It may be a cliche, but for every action, there will be a reaction.
What more an irresponsible action like the production and dissemination of a low-grade film mocking and ridiculing Islam and the Prophet Muhammad.
Clips of the film have gone viral, courtesy of the unfettered visual based social media platform YouTube as well as the equally virulent and violent reactions of angry Muslims across the globe.
When initial reaction saw hundreds of protesters converging on the United States posts in Benghazi, Libya and Cairo, resulting in the death of US ambassador Christopher Stevens and four others, things begin to look bad -- very bad.
What happened was but one of the many examples of uncalled for provocation aimed at Muslims and Islam. It should not have happened, but it did, thanks to the misdirected anger, which should have been reserved for terrorism and all its many forms.
This time around, like several in the past, the flash-point was the much-touted land of freedom and opportunity -- the United States of America.
This is where personal freedom to do just about anything is jealousy guarded and even guaranteed under the constitution and entrenched in the nation's sacred document, the Bill of Rights.
In Malaysia, since we achieved independence in 1957, the government had always sought to ensure that peace and stability of the country was never compromised. To do so is not easy, given the myriad races who call this country home, and riding on the back of such varied ethnic differences are the disparate faiths.
And when it comes to faith, there can never be any compromise, no matter how insightful the pastors, ulama, monks or whoever presides over a religious flock. The differences in faith and spiritual practice have long been accepted as a unique facet of Malaysia's multi-ethnic populace. Respect has always been the order of the day, and tolerance is but the durable string that binds the hearts of Malaysians together.
However, somewhere along the line, the string of tolerance that has for long bound the hearts and minds of Malaysians to enable them to live in mutual respect with each other's differences seems to have come undone.
It could be due to the ravages of time that have brought rot to the bond, unleashing the demons of greed and disregard for others.
Today, with the advent of innovations in communications technology, the world has taken on a new dimension. The Internet and addictive forms of social media have given rise to stubborn and blinkered demands for more freedom of expression and speech throughout the world, including in Malaysia.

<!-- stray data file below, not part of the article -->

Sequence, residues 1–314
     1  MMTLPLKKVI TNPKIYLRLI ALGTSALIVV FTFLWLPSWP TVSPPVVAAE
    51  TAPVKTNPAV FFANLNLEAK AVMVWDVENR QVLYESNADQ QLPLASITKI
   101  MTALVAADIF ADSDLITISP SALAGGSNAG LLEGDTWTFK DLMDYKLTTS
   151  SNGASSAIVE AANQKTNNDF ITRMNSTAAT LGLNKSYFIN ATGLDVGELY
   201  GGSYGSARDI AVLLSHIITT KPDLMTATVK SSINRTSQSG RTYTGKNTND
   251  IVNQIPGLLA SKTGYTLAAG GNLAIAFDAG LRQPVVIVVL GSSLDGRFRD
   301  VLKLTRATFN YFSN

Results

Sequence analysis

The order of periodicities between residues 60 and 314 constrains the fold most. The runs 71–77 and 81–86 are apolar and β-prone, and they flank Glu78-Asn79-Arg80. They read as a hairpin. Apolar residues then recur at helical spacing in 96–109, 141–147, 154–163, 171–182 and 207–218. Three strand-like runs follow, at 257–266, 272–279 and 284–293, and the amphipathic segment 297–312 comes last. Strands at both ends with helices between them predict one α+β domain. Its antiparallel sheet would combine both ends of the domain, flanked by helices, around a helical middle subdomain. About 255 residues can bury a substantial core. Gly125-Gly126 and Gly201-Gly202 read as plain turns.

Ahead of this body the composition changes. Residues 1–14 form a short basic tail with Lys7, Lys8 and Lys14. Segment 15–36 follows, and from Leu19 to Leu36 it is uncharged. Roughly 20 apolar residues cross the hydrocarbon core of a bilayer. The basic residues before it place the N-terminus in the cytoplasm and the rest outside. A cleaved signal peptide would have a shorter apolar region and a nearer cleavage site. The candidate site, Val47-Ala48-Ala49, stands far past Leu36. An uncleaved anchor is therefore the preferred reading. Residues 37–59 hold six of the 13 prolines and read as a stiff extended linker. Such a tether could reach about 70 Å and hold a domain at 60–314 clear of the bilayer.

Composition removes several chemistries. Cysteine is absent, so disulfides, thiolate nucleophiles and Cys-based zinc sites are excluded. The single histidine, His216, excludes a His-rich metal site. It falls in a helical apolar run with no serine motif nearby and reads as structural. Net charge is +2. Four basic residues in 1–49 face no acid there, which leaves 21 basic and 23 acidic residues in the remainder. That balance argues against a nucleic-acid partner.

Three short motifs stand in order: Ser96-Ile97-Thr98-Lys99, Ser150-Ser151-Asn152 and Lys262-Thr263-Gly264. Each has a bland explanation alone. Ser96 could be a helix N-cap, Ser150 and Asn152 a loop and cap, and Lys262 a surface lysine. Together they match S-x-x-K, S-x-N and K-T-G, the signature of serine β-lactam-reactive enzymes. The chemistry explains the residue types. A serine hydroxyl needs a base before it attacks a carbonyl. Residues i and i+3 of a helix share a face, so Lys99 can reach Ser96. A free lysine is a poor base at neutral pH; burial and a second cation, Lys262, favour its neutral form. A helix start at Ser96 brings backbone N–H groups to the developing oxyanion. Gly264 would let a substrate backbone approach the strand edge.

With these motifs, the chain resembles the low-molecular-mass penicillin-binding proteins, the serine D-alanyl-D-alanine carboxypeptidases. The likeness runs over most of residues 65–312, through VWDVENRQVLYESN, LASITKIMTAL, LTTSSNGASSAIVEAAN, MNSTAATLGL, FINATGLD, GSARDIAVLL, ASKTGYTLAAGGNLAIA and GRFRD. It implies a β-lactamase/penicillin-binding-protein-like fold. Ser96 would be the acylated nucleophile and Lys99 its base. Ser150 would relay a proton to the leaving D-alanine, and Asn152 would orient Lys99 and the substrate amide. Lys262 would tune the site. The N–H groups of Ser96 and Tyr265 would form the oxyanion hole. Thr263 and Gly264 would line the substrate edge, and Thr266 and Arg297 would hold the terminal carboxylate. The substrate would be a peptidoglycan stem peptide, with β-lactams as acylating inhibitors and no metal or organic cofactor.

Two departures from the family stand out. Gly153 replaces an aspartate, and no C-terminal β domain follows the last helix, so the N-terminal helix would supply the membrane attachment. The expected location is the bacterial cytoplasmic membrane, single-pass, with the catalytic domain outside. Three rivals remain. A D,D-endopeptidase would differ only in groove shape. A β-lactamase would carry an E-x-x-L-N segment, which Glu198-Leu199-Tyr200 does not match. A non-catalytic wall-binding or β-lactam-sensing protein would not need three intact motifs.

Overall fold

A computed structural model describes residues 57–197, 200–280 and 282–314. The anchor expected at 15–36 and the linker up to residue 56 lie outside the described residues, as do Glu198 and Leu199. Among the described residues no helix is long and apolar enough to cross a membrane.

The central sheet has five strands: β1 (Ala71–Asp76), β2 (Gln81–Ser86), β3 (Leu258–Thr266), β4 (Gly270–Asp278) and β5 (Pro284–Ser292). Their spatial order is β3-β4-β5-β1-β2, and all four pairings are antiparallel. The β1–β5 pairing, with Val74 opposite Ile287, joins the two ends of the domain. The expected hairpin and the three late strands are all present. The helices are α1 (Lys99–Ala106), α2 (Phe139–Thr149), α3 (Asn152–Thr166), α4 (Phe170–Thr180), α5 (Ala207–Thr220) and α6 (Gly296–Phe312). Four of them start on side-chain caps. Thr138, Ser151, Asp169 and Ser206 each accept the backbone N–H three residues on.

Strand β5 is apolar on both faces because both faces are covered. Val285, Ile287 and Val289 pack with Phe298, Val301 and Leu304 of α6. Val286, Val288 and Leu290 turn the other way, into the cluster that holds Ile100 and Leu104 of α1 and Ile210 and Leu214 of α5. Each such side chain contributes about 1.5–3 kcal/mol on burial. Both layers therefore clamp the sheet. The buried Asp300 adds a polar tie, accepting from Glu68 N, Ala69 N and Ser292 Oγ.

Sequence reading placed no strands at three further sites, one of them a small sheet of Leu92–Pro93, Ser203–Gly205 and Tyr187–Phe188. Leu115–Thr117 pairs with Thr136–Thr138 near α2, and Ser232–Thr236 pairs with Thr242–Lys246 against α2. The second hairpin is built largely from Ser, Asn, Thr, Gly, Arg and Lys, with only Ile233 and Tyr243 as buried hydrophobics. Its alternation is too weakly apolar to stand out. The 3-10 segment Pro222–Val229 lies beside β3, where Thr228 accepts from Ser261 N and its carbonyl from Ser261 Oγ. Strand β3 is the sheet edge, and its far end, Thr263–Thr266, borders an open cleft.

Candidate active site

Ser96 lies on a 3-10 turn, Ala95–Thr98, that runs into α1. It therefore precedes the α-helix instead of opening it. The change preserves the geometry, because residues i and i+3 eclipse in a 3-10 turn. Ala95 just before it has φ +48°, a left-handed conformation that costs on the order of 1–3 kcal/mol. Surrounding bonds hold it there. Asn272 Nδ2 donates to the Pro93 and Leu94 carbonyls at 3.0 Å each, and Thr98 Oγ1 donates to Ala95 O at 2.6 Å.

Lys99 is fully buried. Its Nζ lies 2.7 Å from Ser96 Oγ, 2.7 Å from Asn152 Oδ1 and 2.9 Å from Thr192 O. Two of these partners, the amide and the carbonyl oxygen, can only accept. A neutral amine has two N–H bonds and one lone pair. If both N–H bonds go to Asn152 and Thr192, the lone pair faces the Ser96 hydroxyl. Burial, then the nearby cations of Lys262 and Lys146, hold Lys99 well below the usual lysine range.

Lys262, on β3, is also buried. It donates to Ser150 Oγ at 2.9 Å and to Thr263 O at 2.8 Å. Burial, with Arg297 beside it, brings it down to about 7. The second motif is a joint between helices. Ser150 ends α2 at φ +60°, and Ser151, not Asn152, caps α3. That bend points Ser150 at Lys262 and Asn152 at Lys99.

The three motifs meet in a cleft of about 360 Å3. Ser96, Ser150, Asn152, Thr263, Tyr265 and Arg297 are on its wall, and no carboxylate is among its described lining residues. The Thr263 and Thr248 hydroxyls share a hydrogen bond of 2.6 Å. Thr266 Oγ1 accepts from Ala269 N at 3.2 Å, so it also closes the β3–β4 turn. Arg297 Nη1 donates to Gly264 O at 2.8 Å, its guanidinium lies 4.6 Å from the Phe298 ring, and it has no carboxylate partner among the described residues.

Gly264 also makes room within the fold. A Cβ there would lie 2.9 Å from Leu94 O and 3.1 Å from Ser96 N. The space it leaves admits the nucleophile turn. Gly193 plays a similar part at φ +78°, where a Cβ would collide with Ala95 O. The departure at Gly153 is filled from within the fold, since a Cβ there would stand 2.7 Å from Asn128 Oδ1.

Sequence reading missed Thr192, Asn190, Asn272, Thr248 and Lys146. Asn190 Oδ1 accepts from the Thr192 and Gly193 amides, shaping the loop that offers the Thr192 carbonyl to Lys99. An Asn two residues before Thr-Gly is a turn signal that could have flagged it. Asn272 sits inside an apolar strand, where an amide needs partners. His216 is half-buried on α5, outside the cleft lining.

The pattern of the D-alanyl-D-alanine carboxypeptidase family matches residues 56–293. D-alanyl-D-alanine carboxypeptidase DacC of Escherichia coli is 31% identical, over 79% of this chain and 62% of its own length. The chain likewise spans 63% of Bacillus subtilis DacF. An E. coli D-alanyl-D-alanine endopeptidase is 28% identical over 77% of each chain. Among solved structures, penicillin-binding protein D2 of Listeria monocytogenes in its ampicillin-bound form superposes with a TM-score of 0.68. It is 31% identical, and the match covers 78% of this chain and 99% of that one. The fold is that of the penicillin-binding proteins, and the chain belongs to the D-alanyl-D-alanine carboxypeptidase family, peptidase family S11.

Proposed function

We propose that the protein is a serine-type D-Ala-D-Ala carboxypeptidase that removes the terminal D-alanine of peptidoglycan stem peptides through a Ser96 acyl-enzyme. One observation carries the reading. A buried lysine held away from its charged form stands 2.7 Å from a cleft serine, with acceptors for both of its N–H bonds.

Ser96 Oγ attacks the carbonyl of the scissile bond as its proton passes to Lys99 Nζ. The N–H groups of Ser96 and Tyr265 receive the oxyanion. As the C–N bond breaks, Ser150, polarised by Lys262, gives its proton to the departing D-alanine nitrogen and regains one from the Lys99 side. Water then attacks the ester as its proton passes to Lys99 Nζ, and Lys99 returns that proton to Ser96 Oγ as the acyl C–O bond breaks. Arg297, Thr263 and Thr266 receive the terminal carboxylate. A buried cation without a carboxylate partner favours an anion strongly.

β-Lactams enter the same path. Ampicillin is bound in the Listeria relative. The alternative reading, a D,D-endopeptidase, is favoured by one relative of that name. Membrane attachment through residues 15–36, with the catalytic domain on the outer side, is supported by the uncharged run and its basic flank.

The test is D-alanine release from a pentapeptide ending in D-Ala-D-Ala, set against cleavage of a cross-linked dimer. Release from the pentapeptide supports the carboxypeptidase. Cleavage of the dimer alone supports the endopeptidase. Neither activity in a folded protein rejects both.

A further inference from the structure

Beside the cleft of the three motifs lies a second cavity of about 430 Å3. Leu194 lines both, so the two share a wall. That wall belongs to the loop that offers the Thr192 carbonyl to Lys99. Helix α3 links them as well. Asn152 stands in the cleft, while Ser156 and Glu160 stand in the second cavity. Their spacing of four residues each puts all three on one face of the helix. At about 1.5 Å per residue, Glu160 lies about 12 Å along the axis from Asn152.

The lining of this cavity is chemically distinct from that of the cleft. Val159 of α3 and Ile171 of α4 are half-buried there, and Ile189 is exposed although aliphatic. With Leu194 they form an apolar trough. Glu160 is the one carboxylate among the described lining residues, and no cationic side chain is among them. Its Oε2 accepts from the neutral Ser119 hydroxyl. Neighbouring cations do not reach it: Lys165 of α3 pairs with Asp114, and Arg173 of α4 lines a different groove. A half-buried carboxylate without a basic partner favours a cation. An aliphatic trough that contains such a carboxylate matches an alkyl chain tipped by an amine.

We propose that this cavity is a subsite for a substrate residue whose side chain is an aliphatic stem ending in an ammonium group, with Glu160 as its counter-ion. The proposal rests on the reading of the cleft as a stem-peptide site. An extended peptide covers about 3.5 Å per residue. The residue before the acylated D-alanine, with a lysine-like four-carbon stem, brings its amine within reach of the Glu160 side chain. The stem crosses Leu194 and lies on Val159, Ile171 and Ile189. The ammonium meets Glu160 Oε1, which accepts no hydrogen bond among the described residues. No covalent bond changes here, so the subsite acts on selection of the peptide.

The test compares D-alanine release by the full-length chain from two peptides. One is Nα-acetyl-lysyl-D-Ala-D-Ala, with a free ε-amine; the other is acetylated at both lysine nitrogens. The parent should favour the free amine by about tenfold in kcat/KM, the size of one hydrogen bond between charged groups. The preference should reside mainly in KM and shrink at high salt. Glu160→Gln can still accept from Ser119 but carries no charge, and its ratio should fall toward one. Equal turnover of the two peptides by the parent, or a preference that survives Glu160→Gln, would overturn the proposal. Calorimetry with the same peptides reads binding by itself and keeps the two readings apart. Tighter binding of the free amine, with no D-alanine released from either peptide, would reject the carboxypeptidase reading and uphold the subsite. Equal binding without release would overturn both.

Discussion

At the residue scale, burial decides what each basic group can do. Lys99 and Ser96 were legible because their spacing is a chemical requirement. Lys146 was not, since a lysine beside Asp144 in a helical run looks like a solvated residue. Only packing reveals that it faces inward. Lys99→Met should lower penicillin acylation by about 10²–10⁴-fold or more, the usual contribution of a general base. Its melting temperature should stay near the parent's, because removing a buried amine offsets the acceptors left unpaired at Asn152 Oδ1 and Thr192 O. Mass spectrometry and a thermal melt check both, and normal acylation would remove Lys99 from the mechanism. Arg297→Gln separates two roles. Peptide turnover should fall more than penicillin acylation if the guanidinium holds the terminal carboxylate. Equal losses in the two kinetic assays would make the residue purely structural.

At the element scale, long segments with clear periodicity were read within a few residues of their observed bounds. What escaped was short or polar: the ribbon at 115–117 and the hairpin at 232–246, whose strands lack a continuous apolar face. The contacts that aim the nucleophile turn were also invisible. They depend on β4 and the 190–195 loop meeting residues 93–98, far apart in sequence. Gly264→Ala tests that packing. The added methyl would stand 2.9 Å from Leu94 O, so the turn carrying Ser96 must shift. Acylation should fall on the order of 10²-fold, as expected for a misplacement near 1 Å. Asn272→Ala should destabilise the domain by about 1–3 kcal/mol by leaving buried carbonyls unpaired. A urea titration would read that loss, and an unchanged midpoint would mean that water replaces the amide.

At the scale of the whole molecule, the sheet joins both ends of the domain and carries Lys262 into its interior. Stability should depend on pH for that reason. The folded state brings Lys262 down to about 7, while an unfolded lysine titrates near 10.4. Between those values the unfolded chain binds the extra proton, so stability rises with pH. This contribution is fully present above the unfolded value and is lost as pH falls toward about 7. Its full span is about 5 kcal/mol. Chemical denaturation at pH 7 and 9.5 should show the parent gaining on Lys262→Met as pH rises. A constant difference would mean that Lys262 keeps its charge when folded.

The Internet has, for quite some now, brought with it a myriad of social problems that often spill over into the provinces of politics and religion, with the latter perpetuating violence.
To address all these, governments are today at wits' end trying to come up with a cogent and effective set of laws to control transgressions emanating from the unfettered freedom of the almost lawless frontiers of the Internet.
In Malaysia, the Information, Communications and Culture Ministry, through the Malaysian Communications and Multimedia Commission (MCMC), has been appointed as the gatekeepers in this area.
With the recriminations and brickbats directed at the person at the top, Datuk Seri Dr Rais Yatim, the task of regulating and bringing some semblance of order to the cyber world is, indeed, not an enviable task.
So serious is this task of dealing with the demands for unfettered freedom within the frontiers of the digital world, which has now became an intrinsic part of "real" life, that other government agencies and institutions, including Parliament, have been called into action.
For Parliament, the latest move was the amendment of Section 114A of the Evidence Act 1950, which presumes publication and ownership of offending items posted on the Internet as the owner's unless proven otherwise.
The amendment is meant to protect the country's security, and for all the recriminations directed at the government, detractors forget that things like acts of terrorism and provocation, as demonstrated by the irresponsible actions of the man behind the film Innocence of Muslims, should be reason enough to understand what the law stands for.
The freedom afforded by the Internet offers individuals the chance to hide behind false identities. It allows them to incite racial and religious hatred, which can ultimately trigger violent hate crimes, yet allows the perpetrator anonymity or immunity from prosecution.
This is but one area of contention that needs to be addressed and the responsibility, invariably, rests on the shoulders of the ministry through the MCMC.
Treading carefully between the need to allow space for the healthy development of new media and public freedom in cyberspace, the people must understand that the rights and sensitivities of multiracial Malaysia must always be guarded before it is too late.